Wednesday, July 03, 2002


by Wayne Robins

Los Angeles, 1994: Northridge earthquake wrecks home of vibes player/bandleader Terry Gibbs.

Los Angeles, 2001: Gibbs finds long-forgotten cache of reel to reel tapes in a closet of his reconstructed house. Some boxes marked: "Big Band Sundown, Seville 1959." Has tapes transferred to CD. Quality, variety strong enough to have Fantasy through its Contemporary label release "Terry Gibbs Dream Band: One More Time," summer 2002. The music evokes...

Los Angeles, 1959: Sgt. Joe Friday is the scourge of miscreants. Peter Gunn drops bad guys without ever getting a crease in his suit. Business is booming for the detective agency at 77 Sunset Strip. Everyone, it seems, is either a cop or a con, private eye or crook. Hush money, graft, and kickbacks ooze like a river of sludge from every pore of the region, from Chavez Ravine, to which the Brooklyn Dodgers had been lured with a new stadium, to the Hollywood Hills, where the gay stars could never come out, day or night. Downtown, the Los Angeles Times, California's dominant self-serving opinion maker, helps engineer the run of the political star it created, Eisenhower veep Richard Nixon, for the Republican nomination for president of the United States. The whole town is shaking, like two million hopheads going through withdrawal, waiting for James Ellroy to get old enough to write it all down...[Ellroy link is a fan site]

Meanwhile, back at the Seville, or the Sundown...Terry Gibbs Dream Band proves that California jazz can be anything but mellow. The big band era may have faded elsewhere, but not here: It's the moment of the clean cut white hipster, and Gibbs 1959 was custom-made. The set begins with an Al Cohn composition called "The Fuzz"...can you dig it?...with trumpeter Conte Candoli and sax man Joe Maini wailing like they're wearing brass jockstraps that had been baking in a bread oven. There aren't 76 trombones, but three on the bandstand make a toe-tapper march. The bands (the recordings were made at two different clubs during 1959) had some overlapping personnel, but drummer Mel Lewis was the hub that made Gibbs' Dream Band so nimble: These guys were bruisers who could swing hard as Sammy Sosa, but they had the touch of jewel thieves and knew how to score. They probably still can: Terry Gibbs will be among the straightahead performers at the West Coast Jazz Party ("right down the middle and straight ahead jazz") at the Irvine Marriott Labor Day Weekend, and yours truly wishes he could be there.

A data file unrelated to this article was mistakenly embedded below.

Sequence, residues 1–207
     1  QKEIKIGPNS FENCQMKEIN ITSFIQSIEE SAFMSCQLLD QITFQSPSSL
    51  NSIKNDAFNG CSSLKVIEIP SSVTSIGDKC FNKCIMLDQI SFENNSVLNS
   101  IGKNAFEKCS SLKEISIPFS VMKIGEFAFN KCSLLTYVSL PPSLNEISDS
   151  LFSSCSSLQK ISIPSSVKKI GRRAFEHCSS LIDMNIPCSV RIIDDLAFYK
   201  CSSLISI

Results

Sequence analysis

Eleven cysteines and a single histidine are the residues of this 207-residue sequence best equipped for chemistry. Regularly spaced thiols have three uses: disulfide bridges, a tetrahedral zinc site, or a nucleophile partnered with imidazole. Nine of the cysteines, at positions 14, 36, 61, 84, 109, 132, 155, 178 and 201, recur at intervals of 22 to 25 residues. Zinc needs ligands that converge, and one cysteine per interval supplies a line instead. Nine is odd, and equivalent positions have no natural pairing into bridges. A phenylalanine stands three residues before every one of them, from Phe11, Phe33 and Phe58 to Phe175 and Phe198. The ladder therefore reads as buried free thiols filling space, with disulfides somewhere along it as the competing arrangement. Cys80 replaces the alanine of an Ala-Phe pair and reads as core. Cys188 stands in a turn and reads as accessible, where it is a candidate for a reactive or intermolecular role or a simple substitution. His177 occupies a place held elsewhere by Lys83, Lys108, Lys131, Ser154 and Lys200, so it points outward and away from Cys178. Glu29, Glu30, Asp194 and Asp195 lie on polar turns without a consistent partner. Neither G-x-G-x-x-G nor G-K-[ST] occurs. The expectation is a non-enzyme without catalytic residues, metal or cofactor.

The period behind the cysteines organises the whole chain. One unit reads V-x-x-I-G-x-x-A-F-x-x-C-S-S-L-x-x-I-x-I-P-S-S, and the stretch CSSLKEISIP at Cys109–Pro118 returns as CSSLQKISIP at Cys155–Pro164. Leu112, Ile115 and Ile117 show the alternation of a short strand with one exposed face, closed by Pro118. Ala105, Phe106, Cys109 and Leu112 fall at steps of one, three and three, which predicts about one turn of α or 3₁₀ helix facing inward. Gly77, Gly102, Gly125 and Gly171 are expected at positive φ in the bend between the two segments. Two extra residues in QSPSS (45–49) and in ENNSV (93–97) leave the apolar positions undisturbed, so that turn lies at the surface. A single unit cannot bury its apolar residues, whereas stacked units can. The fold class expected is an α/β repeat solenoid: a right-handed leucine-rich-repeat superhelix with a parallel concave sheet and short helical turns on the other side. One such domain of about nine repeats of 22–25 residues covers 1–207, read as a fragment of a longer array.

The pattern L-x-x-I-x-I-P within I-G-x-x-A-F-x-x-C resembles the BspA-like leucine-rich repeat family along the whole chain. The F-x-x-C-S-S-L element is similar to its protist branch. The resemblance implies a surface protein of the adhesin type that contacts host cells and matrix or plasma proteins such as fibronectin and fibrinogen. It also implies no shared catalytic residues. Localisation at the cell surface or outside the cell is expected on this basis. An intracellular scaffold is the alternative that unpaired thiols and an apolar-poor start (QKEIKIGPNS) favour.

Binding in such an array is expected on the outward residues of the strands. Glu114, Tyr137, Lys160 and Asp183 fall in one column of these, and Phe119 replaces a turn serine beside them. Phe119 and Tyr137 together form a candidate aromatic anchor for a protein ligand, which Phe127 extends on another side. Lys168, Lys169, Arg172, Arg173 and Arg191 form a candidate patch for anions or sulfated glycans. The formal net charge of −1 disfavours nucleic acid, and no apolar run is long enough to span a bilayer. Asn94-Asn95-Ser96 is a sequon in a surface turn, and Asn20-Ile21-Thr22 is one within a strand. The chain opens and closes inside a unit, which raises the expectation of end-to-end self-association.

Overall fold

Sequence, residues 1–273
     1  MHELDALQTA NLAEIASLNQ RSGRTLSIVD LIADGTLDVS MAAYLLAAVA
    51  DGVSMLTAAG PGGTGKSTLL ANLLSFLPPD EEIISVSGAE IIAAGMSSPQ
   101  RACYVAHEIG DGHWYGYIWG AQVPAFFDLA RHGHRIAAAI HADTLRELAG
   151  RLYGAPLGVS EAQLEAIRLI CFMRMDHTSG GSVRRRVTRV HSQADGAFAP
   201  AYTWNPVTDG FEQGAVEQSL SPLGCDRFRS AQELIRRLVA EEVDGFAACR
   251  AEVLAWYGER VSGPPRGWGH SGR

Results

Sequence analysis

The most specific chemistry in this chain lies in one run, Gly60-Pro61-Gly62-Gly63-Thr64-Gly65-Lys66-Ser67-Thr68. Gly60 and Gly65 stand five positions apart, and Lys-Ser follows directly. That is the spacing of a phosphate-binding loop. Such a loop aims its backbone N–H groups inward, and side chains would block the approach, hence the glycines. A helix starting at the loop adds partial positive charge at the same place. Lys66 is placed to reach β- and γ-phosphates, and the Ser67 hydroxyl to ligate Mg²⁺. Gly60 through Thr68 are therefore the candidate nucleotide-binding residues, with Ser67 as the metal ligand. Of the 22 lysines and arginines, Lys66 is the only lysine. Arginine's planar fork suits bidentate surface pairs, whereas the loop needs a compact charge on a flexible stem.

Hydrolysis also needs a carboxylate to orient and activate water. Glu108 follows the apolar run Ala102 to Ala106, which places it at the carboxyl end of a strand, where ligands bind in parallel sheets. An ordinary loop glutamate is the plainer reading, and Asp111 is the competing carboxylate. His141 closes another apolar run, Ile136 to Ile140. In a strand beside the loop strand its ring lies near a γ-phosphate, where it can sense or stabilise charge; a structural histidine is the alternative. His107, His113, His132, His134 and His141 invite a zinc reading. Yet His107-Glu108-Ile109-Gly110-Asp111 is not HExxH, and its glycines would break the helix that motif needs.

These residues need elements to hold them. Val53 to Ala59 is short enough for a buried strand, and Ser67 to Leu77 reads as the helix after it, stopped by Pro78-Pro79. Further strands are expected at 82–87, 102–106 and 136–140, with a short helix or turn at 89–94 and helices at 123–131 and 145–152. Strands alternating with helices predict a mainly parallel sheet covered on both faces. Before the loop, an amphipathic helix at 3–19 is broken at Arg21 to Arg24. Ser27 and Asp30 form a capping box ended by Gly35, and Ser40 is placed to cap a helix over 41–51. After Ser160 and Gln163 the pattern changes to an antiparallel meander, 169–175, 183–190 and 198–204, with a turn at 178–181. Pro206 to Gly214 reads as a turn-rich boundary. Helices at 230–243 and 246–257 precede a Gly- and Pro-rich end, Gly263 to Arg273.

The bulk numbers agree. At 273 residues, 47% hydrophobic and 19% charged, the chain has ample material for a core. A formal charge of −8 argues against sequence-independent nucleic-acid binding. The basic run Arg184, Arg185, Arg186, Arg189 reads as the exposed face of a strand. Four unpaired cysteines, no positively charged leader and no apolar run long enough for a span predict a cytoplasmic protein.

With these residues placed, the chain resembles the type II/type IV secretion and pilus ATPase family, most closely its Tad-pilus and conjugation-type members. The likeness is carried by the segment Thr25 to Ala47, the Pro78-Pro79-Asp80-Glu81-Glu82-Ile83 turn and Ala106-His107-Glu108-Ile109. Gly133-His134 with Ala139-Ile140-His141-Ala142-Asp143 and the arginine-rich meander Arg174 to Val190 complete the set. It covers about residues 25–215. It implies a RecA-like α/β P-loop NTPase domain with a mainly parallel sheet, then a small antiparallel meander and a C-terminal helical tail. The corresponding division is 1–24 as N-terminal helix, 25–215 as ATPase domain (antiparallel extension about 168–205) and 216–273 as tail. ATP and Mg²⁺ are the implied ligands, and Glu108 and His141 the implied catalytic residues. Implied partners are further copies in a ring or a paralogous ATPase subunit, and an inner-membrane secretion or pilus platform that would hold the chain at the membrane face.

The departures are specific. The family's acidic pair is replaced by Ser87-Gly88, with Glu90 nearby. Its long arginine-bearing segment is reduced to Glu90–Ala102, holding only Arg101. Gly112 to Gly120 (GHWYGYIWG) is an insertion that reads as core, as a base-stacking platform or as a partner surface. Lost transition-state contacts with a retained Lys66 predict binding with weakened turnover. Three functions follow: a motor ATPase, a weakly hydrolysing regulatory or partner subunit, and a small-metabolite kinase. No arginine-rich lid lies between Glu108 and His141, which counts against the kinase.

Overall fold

For more on Terry Gibbs, his background, and audio clips, check out National Public Radio's Jazz Profile. In recognition of NPR's preferences, you should cut and paste this manually:

(c) copyright 2002 Wayne Robins, all rights reserved. Comments?

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